Progress on immigration reform may be stalled on Capitol Hill, but House Republicans have not forgotten about the Hispanic community.
The Republican Conference kick-started National Hispanic Heritage Month this week, which began September 15th, with a “GOP Meetup” in the U.S. Capitol Building that brought together Hispanic businessmen, pastors, political activists, and other community leaders from across the country with several representatives who are taking the lead in engaging minority audiences.
Members in attendance included Reps. Trey Radel (Fl-19), David Valadao (CA-21), Bill Flores (TX-17), Jeff Denham (CA-19), and Conference Chair Cathy McMorris Rodgers (WA-5). Chairman Bob Goodlatte (VA-6) of the House Judiciary Committee and Chairman James Lankford (OK-5) of the Republican Policy Committee participated in a panel discussion for the audience, and former Governor of Puerto Rico Luis Fortuño also stopped by to contribute. All spoke to the positive contributions Hispanics make to their local communities.
Event moderator and GOP Conference Deputy Press Secretary for Hispanic Outreach, Wadi Gaitan, reiterated the theme of “shared ideals and goals” between all conservatives that each elected official evoked in their speech.
And despite what seems to be a decreased political willingness to move forward with comprehensive immigration reform on Capitol Hill, Thursday’s meeting proved that there were still members of the House who not only recognized the value in producing viable immigration legislation, but had a genuine urgency to see something accomplished. They spoke with a pragmatic understanding of the complexities that make solving the immigration issue a difficult challenge.
Second-term Congressman, Jeff Denham, spoke of his personal experience with a broken immigration system. His wife, Sonia, is a first-generation Mexican-Puerto Rican American, and Denham shared their experience with his father-in-law’s journey through the legal citizenship process.
“It’s a 30-year, three-decade problem, and we have to it get it right,” Denham told the audience, expressing his hopes to see progress within the year.
Goodlatte shared a similar sentiment saying, “The best politics is to get the best policy on this issue.”
While the House does not plan to take up the Senate’s immigration bill, the House Judiciary Committee has passed four separate immigration bills and have four others pending mark-up. None of the legislation is currently scheduled for a vote on the House Floor.
Interestingly enough, while the members renewed their commitment on moving forward with immigration reform, the audience made it clear that immigration wasn’t the only issue on the table for the Hispanic community. Considerable time was spent discussing jobs and the economy, taxes, education, and the harmful effects of Obamacare on small businesses.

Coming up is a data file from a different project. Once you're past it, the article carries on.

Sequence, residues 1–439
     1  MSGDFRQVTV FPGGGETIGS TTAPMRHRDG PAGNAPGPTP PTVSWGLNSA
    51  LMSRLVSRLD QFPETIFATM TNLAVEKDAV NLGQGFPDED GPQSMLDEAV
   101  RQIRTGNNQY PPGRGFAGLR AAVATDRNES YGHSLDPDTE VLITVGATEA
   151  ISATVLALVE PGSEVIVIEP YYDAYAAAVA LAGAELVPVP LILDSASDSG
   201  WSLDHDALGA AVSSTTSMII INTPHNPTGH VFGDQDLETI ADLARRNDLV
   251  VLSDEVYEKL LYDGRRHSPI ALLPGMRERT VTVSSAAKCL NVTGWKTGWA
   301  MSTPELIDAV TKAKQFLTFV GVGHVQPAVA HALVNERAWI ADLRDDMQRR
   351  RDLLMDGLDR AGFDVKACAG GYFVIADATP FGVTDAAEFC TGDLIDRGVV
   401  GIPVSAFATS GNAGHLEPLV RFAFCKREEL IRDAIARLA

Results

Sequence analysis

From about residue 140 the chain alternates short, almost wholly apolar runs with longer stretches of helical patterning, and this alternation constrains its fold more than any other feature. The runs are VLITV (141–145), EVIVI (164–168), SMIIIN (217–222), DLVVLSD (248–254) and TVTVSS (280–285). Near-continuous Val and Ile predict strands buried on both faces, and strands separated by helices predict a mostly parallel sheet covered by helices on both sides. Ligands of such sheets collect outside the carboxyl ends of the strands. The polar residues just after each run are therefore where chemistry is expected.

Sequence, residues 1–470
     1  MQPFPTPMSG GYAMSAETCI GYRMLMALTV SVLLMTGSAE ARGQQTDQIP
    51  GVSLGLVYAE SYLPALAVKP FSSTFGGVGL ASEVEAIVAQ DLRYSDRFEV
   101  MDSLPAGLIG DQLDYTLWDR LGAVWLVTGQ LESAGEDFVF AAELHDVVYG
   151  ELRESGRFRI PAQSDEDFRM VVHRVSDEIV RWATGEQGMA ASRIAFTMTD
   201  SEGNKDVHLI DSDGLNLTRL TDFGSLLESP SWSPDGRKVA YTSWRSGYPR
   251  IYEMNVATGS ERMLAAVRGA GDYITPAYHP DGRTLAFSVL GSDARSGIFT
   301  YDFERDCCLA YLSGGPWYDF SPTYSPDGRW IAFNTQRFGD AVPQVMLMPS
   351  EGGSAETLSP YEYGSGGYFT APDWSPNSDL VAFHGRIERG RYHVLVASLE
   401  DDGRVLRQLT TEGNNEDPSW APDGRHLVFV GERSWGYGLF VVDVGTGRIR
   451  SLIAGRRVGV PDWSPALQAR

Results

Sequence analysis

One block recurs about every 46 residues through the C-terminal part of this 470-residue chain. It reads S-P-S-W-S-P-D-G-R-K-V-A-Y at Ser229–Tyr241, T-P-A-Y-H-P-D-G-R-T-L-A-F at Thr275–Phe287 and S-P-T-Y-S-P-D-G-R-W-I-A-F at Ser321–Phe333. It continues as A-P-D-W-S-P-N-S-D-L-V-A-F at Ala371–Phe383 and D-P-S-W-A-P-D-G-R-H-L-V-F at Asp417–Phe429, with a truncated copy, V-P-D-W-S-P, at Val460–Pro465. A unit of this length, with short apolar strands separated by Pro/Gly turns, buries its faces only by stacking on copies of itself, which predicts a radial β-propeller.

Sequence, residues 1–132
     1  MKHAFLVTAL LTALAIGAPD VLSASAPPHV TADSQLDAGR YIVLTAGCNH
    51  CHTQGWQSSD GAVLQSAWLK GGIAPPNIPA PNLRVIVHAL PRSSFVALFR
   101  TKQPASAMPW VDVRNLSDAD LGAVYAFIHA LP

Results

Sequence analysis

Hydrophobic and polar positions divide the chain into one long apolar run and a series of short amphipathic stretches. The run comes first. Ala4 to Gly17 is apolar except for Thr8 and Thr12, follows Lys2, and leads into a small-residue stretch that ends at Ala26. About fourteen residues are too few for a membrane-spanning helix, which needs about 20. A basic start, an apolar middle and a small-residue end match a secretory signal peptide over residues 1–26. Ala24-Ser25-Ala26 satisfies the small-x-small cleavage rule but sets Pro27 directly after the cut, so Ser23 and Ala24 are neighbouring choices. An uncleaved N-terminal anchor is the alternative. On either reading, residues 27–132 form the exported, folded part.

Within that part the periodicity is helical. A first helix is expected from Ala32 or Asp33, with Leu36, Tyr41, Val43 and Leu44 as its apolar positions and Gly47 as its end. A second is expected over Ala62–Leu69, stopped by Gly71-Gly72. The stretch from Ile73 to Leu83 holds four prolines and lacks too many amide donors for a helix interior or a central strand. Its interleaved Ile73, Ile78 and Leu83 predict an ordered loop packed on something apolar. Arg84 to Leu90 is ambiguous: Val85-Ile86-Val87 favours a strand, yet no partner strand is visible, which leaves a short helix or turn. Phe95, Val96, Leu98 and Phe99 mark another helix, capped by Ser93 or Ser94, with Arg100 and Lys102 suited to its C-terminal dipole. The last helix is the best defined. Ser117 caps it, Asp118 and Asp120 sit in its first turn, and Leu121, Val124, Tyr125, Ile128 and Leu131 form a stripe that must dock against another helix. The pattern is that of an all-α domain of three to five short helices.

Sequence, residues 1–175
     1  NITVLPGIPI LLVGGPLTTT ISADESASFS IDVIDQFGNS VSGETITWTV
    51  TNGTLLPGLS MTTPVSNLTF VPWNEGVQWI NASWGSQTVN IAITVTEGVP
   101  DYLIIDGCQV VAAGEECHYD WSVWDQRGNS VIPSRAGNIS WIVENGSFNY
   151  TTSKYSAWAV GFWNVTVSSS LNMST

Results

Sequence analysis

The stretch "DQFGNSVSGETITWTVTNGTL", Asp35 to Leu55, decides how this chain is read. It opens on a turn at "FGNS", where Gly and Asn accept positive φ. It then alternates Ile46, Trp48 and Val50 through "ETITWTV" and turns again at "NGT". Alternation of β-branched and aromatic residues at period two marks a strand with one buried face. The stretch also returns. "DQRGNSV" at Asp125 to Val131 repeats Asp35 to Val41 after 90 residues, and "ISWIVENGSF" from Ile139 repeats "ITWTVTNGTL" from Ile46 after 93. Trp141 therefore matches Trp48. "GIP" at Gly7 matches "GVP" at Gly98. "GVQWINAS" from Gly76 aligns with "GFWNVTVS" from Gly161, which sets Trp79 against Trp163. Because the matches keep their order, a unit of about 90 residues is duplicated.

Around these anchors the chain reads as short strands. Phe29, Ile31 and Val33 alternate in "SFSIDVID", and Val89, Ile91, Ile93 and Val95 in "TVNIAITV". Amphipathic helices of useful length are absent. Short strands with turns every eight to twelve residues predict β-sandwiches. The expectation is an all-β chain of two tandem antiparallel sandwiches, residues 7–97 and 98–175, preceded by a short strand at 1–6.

The sentiment from the audience was unanimous: Republicans have a real opportunity with Hispanic American voters. Hispanics, be it new immigrant or fourth-generation, are inherently conservative, with most of the population holding dear the values of hard-work, education, and family.
Alfonso Aguilar, Executive Director of the Latino Partnership for Conservative Principles, stated, “We don’t win by avoiding issues. We win by having an integrated message.”
Part of a Bigger Picture:
Since the beginning of the 113th Congress, Republicans in the House have made a concerted effort to increase and improve outreach to many different minorities. In fact, leadership has even created new staffing positions to help improve and facilitate events like the one celebrating Hispanic Heritage Month.
GOP Conference Chairwoman Cathy McMorris Rodgers told Townhall, “House Republicans are committed to taking our conservative message and values to every corner of America, to young people and seniors, to Hispanics and African-Americans, to men and women alike"
“The House Republican message is one of greater opportunity for ALL Americans," she said. "Hispanics, just like all Americans, want policies that provide opportunities for good jobs, a quality education, and better future for our kids.”Moving Forward:
The GOP event set a tone of rejuvenated optimism, re-opening lines of communication and re-focusing the discussion on a shared vision for our country. Republicans confirmed their commitment and effort to right the ship for everyone in our great nation; and the audience reaffirmed its faith in Republicans to get the job done - and done right.
In addition to Thursday’s meeting, House leadership, along with several other prominent House members, released a video celebrating the contributions of the Hispanic community to the American narrative.
Hispanics are the largest and fastest growing minority in America, accounting for 53 million people and 17 percent of the U.S. population, according to a 2012 Census Bureau estimate.
69 percent of 2012 Hispanic high school graduates went on to enroll in college in the fall.
The Latino community is entrepreneurial in spirit, with 3.1 million Hispanic-owned businesses that will contribute over $468 billion to the U.S. economy in 2013.
Latinos turned out 11.2 million votes in 2012 – a record for the community. However, that was only 48% of all eligible voters, which was significantly lower than the 66.6% turn out rate for white American voters and the 64.1% turn out rate for African American voters.
If harnessed to similar levels in 2014 and 2016, the Hispanic community could have a significant impact on election outcomes. And with such common central beliefs in faith, family, and jobs, there’s no reason why the party shouldn’t see a return to Bush 43-era support in the near future.
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